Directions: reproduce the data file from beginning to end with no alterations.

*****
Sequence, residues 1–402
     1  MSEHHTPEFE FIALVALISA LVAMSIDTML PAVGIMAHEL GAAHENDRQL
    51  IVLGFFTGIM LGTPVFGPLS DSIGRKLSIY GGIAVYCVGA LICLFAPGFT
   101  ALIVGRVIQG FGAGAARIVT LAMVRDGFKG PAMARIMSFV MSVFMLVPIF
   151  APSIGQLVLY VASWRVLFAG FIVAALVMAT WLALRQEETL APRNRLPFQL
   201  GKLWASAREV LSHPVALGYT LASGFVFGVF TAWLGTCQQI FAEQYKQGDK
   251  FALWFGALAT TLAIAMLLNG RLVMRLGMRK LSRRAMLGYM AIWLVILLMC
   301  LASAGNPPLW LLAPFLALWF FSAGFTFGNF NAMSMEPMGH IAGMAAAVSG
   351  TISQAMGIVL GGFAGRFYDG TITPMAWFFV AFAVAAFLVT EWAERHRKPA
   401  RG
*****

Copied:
Sequence, residues 1–402
     1  MSEHHTPEFE FIALVALISA LVAMSIDTML PAVGIMAHEL GAAHENDRQL
    51  IVLGFFTGIM LGTPVFGPLS DSIGRKLSIY GGIAVYCVGA LICLFAPGFT
   101  ALIVGRVIQG FGAGAARIVT LAMVRDGFKG PAMARIMSFV MSVFMLVPIF
   151  APSIGQLVLY VASWRVLFAG FIVAALVMAT WLALRQEETL APRNRLPFQL
   201  GKLWASAREV LSHPVALGYT LASGFVFGVF TAWLGTCQQI FAEQYKQGDK
   251  FALWFGALAT TLAIAMLLNG RLVMRLGMRK LSRRAMLGYM AIWLVILLMC
   301  LASAGNPPLW LLAPFLALWF FSAGFTFGNF NAMSMEPMGH IAGMAAAVSG
   351  TISQAMGIVL GGFAGRFYDG TITPMAWFFV AFAVAAFLVT EWAERHRKPA
   401  RG